Canon EOS Rebel T100 / EOS 4000D review

Canon’s new entry-level DSLR focuses on value first and features second

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Our Verdict

Everyone loves a bargain, and there’s no denying that the EOS 4000D represents great value for money. Over time, we would expect the 4000D’s price to fall to perhaps the lowest point ever for a Canon DSLR, but there is a downside. To achieve these prices Canon has resorted to relatively old technology, low-spec autofocus and cheap kit lenses.

For

  • Great value for money
  • Massive range of compatible lenses

Against

  • Poor kit lens
  • Slow live view AF

For those investing in their first interchangeable lens camera, a DSLR is still the cheapest option, and with the EOS 4000D, also known as the Rebel T100, Canon has aimed to get the price down lower than ever. It’s one of two new entry level cameras announced by Canon, and the other is the slightly more upmarket EOS 2000D (aka Rebel T7).

These two cameras have broadly similar specifications, but differ in some important key details. It’s easiest to think of the EOS 4000D as a whole new model with whole new levels of economy, and the EOS 2000D as an improved replacement for Canon’s previous cheapest model, the EOS 1300D (aka Rebel T6). Here, we focus on the former of the two.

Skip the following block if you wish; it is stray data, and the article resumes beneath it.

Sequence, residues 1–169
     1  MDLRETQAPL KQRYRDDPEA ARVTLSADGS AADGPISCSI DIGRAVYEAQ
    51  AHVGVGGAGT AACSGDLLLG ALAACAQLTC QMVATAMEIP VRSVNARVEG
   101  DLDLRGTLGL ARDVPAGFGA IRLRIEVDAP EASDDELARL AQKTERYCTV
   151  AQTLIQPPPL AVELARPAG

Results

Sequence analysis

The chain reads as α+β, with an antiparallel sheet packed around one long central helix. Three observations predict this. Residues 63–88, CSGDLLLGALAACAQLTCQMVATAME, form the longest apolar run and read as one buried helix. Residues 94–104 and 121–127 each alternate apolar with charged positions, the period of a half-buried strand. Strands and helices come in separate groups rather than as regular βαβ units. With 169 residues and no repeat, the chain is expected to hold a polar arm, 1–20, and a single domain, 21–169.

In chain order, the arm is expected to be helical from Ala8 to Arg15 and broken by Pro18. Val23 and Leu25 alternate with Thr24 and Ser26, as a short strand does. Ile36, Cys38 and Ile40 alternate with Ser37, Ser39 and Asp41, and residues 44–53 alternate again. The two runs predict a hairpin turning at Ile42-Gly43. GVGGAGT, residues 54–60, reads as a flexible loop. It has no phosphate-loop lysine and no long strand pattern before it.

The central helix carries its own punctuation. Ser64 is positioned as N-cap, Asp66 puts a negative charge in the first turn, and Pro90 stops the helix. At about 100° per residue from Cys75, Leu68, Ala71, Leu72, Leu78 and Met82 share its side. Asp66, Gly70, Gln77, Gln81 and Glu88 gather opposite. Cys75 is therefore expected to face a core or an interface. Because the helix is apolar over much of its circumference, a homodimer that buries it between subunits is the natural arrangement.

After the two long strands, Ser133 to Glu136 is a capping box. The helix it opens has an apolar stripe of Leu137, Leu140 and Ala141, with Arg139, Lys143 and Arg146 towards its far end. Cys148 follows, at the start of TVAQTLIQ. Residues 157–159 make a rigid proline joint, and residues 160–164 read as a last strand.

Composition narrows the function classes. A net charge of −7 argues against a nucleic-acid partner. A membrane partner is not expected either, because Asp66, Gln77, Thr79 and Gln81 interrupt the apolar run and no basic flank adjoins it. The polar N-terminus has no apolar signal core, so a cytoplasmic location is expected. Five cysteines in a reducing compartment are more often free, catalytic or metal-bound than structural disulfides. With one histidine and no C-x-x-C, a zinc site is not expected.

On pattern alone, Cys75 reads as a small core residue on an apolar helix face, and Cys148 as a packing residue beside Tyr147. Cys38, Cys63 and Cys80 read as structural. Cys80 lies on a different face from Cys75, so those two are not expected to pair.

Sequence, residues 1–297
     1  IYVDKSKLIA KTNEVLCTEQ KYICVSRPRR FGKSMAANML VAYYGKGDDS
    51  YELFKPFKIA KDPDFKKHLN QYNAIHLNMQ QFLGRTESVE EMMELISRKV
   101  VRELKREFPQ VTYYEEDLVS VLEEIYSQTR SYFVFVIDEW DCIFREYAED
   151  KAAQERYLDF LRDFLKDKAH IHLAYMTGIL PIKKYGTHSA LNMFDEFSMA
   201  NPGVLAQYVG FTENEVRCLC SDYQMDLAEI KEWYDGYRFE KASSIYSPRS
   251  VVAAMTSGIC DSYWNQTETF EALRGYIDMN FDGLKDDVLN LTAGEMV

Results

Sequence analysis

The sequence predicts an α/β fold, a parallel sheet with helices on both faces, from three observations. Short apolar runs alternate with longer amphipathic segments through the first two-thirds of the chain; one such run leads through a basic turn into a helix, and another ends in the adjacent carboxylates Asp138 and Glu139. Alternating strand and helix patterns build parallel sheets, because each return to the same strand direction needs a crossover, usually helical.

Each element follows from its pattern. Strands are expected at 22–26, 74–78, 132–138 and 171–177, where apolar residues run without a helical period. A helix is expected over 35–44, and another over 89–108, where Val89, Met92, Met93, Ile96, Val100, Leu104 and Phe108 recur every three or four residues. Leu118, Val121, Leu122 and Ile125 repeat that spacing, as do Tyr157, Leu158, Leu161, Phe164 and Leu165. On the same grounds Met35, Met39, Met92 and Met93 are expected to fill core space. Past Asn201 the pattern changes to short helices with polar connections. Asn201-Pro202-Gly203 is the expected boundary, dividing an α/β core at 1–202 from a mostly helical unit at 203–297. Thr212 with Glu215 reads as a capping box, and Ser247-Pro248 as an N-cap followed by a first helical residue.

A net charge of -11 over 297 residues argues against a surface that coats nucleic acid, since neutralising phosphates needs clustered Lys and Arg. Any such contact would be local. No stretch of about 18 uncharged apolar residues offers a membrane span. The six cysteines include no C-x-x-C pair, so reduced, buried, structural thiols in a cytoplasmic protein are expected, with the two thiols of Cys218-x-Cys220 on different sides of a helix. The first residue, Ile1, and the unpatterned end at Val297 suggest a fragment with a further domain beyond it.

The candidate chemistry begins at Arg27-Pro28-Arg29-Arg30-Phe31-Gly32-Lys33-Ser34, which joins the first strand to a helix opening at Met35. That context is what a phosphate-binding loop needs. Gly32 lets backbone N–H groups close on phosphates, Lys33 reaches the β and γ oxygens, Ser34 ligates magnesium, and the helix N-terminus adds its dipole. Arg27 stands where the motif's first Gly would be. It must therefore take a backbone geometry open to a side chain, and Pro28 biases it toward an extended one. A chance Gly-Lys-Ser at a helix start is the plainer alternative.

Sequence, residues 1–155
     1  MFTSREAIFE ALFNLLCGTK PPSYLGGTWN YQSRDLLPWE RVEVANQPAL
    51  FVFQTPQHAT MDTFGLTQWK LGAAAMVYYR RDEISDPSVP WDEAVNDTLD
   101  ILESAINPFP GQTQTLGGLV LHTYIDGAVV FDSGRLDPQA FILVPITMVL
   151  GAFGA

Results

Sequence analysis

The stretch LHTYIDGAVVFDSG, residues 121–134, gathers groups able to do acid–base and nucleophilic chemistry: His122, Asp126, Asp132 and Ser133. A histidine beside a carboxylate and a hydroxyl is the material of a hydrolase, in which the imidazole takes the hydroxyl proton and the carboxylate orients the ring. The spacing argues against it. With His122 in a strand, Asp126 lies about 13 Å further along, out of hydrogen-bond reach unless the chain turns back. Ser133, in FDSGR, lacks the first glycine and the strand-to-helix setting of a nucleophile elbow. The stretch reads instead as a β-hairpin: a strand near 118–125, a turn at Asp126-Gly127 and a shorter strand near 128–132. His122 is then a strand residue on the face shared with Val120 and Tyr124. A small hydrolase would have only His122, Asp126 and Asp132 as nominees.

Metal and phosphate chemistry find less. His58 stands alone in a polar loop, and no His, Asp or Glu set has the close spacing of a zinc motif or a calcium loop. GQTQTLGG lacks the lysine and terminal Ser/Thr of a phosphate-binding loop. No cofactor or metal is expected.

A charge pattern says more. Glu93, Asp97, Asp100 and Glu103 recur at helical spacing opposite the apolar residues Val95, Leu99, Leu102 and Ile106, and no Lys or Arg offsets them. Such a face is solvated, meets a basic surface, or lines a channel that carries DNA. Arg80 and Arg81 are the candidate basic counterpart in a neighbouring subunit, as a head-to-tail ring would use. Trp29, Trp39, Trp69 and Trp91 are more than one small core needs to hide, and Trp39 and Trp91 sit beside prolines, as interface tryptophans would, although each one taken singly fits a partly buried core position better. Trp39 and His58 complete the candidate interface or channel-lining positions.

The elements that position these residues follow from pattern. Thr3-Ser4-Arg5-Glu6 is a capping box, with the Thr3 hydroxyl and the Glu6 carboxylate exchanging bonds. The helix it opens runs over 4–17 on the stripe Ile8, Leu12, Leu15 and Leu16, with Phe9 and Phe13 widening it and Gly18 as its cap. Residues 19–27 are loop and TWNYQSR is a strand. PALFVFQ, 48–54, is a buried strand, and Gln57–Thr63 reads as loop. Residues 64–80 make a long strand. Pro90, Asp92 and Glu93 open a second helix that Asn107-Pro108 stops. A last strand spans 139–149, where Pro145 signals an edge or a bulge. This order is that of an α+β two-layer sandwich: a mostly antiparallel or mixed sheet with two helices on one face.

Canon EOS 4000D: Key features

  • 18MP APS-C CMOS sensor 
  • DIGIC4+ processor 
  • ISO 100-6400 (exp. to 12800) 
  • Full HD (1080p) video recording, up to 30fps
  • Video Snapshot mode 
  • 3fps burst mode
  • 9-point AF system 
  • Pentamirror optical viewfinder, approx. 95% coverage
  • 2.7in LCD, 230k dots
  • Wi-Fi (no NFC)
  • 500-shot (approx.) battery life
  • SD/SDHC/SDXC memory card slot

The EOS 4000D offers an APS-C sensor, a 9-point autofocus system with a single cross-type point, Full HD video recording, 3fps continuous shooting, an ISO range of 100-6400 (expandable to ISO 12,800) and a fixed (non-articulating) rear screen. The specs are basic, but adequate for beginners in DSLR photography.

Unlike the 24.1MP EOS 2000D, however, Canon has opted for an 18MP APS-C sensor here. The rear screen on the EOS 4000D also measures 2.7in size and has a very basic 230k-dot resolution, against the 3in 920k-dot screen of its sibling.

The camera has been designed with Wi-Fi, though without NFC, and while it can shoot unlimited JPEGs, it can only capture six Raw files in a burst. It's offered with an 18-55mm III kit lens that has no image stabilisation, one that sadly doesn't employ Canon’s quiet USM or STM autofocus motors.